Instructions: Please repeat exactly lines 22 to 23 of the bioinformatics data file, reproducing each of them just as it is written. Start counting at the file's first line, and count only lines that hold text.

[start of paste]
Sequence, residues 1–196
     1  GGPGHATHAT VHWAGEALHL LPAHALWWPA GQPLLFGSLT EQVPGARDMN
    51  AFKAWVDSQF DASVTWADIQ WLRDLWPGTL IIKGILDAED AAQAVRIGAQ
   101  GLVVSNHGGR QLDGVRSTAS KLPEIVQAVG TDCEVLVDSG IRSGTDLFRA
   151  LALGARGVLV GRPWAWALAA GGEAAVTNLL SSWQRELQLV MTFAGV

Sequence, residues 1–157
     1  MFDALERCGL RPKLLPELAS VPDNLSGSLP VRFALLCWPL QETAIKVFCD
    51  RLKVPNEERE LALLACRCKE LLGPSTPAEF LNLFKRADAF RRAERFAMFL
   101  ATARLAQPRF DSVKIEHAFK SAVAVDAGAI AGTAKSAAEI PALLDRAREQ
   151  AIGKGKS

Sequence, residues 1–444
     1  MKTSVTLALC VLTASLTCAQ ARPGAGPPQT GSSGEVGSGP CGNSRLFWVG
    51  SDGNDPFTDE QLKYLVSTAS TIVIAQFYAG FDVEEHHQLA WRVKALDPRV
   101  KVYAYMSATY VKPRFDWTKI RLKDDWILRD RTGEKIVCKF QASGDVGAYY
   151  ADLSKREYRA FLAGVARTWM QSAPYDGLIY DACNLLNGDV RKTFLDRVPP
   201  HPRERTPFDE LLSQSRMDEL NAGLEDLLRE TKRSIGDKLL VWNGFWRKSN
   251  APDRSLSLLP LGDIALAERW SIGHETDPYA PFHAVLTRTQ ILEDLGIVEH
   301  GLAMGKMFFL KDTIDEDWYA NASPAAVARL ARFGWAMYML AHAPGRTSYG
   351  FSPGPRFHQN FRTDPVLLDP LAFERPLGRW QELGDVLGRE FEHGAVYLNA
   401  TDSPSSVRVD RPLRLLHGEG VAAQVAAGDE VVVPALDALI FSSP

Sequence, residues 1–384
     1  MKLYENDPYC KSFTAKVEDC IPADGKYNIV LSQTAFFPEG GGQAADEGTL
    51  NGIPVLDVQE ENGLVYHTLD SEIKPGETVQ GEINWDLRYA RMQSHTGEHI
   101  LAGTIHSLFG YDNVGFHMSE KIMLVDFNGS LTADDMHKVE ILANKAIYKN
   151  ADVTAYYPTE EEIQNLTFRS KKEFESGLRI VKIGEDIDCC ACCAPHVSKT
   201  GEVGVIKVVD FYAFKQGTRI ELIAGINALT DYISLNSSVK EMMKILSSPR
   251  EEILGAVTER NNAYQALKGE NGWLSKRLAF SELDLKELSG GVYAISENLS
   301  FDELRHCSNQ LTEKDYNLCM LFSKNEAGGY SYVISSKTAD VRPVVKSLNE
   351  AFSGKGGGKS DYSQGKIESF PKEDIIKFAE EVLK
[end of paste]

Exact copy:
     1  MKLYENDPYC KSFTAKVEDC IPADGKYNIV LSQTAFFPEG GGQAADEGTL
    51  NGIPVLDVQE ENGLVYHTLD SEIKPGETVQ GEINWDLRYA RMQSHTGEHI